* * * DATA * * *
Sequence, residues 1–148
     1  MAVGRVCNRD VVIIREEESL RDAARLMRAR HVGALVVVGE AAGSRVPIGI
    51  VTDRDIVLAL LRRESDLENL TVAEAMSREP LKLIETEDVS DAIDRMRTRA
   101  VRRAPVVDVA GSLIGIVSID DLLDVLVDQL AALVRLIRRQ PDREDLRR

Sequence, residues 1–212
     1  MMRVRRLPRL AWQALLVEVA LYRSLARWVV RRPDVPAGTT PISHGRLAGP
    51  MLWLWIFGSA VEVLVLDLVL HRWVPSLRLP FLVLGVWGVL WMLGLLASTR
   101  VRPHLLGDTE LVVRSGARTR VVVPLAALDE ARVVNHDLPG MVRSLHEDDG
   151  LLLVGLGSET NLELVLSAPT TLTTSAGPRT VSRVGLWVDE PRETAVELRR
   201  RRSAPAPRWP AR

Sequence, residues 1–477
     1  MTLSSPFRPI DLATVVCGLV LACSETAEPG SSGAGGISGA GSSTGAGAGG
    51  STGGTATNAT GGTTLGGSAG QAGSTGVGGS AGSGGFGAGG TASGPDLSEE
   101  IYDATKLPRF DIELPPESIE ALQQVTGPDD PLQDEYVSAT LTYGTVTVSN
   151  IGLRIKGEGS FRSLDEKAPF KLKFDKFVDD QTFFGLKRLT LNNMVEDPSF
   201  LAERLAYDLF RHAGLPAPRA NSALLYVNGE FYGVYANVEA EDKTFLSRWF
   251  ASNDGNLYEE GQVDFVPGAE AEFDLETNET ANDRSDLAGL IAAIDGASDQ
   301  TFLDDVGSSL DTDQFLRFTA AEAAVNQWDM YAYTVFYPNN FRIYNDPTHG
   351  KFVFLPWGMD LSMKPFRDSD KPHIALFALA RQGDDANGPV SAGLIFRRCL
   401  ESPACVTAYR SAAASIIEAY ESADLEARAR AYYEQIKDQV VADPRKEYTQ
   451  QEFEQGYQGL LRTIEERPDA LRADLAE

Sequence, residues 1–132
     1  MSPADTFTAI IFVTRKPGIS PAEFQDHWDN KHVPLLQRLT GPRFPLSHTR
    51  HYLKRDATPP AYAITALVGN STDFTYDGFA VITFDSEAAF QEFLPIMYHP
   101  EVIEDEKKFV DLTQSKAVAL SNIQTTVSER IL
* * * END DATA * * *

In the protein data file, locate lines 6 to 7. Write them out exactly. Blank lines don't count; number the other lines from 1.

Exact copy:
     1  MMRVRRLPRL AWQALLVEVA LYRSLARWVV RRPDVPAGTT PISHGRLAGP
    51  MLWLWIFGSA VEVLVLDLVL HRWVPSLRLP FLVLGVWGVL WMLGLLASTR